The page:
Business

Goodbye, Monsanto: Vilified Seed Company’s Name Will Disappear After Merger

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Thomas Phippen Associate Editor
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American seed and agrichemical corporation Monsanto will get a name change after German pharmaceutical company Bayer’s acquisition.

The routinely vilified corporation that makes Roundup and controls the genetically engineered seeds for the biggest U.S. crops will no longer be known by its 117-year-old name now that Bayer has overcome all the necessary regulatory hurdles and gained approval from the U.S. government.

“Bayer will remain the company name. Monsanto will no longer be a company name. The acquired products will retain their brand names and become part of the Bayer portfolio,” Bayer said in a statement Monday.

In ditching the name Monsanto, Bayer may be trying to avoid the negative associations and attempt to rebrand as a company more open to environmental concerns.

“We aim to deepen our dialogue with society,” Bayer Chief Executive Werner Baumann said in the statement. “We will listen to our critics and work together where we find common ground. Agriculture is too important to allow ideological differences to bring progress to a standstill.”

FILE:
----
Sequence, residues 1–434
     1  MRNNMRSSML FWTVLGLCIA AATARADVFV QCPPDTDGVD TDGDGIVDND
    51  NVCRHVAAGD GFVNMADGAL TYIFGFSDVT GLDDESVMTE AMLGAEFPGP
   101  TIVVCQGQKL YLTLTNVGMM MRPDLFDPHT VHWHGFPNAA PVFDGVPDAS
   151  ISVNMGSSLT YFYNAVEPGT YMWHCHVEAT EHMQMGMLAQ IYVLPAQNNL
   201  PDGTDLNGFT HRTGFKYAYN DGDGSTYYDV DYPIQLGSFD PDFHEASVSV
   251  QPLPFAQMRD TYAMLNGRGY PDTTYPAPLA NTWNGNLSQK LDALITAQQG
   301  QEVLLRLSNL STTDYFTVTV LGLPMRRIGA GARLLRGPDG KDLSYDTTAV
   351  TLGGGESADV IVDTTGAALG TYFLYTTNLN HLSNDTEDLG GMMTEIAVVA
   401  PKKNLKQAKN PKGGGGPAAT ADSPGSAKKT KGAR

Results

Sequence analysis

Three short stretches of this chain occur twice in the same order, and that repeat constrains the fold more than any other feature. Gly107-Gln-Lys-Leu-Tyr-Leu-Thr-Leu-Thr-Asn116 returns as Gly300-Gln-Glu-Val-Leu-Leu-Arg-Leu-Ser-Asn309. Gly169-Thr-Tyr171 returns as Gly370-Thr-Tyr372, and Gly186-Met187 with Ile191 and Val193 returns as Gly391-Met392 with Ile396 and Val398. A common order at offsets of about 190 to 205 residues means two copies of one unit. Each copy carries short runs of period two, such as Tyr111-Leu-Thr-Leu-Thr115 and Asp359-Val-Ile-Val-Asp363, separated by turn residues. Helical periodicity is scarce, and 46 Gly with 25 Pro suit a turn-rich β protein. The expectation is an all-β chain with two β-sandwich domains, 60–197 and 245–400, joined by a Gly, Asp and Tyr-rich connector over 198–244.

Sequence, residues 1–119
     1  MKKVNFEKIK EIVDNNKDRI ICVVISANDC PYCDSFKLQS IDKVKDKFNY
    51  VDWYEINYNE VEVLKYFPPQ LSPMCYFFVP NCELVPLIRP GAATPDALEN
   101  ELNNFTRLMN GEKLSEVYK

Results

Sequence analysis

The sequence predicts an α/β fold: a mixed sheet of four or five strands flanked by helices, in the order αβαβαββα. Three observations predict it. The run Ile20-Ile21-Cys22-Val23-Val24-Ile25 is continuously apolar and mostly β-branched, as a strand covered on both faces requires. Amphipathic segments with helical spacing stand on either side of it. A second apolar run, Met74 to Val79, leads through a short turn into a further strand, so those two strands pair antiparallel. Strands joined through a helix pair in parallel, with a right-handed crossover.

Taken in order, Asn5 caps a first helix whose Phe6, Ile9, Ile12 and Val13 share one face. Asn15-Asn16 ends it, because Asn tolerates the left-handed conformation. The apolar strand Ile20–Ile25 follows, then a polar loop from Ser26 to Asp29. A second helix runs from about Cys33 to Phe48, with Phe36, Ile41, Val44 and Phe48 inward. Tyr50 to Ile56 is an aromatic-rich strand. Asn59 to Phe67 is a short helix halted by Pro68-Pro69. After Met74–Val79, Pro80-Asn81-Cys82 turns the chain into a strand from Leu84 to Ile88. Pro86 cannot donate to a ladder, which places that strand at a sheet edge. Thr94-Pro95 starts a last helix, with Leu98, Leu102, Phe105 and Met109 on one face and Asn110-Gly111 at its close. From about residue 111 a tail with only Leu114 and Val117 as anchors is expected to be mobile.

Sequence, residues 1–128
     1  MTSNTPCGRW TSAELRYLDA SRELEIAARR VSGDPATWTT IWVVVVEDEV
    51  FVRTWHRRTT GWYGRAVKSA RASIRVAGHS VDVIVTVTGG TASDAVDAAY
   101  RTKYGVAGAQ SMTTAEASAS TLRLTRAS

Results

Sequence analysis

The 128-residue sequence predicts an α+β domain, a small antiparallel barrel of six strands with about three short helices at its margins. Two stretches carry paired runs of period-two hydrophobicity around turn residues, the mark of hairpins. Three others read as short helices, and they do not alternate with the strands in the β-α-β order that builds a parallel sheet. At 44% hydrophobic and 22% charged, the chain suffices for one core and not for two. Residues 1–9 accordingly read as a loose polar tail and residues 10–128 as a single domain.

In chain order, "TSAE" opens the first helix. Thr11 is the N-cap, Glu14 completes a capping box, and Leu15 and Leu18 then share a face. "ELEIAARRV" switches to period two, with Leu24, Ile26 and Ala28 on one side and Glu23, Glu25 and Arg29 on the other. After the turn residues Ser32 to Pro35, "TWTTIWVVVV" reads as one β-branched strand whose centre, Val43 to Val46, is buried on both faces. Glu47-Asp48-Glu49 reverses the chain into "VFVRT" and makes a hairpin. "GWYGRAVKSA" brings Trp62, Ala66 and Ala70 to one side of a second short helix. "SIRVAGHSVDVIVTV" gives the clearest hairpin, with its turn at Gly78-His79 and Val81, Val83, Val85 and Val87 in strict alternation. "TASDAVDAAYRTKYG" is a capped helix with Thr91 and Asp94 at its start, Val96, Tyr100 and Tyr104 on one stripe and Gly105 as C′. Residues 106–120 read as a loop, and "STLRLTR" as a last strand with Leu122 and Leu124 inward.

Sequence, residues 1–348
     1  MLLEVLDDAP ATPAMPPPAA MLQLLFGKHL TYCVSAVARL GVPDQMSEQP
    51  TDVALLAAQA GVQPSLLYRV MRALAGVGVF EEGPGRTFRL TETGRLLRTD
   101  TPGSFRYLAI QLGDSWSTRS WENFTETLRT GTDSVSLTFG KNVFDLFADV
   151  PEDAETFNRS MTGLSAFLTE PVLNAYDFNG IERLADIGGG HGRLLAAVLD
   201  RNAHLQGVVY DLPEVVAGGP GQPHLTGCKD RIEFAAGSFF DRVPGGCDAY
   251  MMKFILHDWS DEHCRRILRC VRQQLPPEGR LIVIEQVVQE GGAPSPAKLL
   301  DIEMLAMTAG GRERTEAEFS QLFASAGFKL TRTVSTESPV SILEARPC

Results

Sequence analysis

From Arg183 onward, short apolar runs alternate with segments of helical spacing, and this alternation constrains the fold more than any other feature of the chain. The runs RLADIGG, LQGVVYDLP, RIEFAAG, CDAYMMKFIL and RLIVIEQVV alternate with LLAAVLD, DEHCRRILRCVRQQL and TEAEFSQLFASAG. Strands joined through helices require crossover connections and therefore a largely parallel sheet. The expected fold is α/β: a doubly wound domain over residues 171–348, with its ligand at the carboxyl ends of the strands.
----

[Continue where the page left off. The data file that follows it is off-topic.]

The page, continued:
The corporate name is disappearing; however, the products — including Roundup, the best-known pesticide on the market — will retain their brand names.

Monsanto has been dogged by activist claims that the company’s genetically modified seeds and pesticides are detrimental to the environment and human health. The company has fought lawsuits in Europe and the U.S. about the health risks of glyphosate, the main ingredient in Roundup. California listed glyphosate as a chemical known to cause cancer in 2017. (RELATED: The Guardian Freaks Out Over Docs Showing Common Foods Carry Traces Of Weedkiller)

The incorporation of Monsanto’s products into Bayer’s business will be official later this week, bringing a years-long merger to an end.

The Department of Justice announced an agreement in late May that allowed Bayer to buy Monsanto for $66 billion after selling some of $9 billion of its own agribusiness properties. The DOJ said it is the largest anti-trust related divestiture in history.

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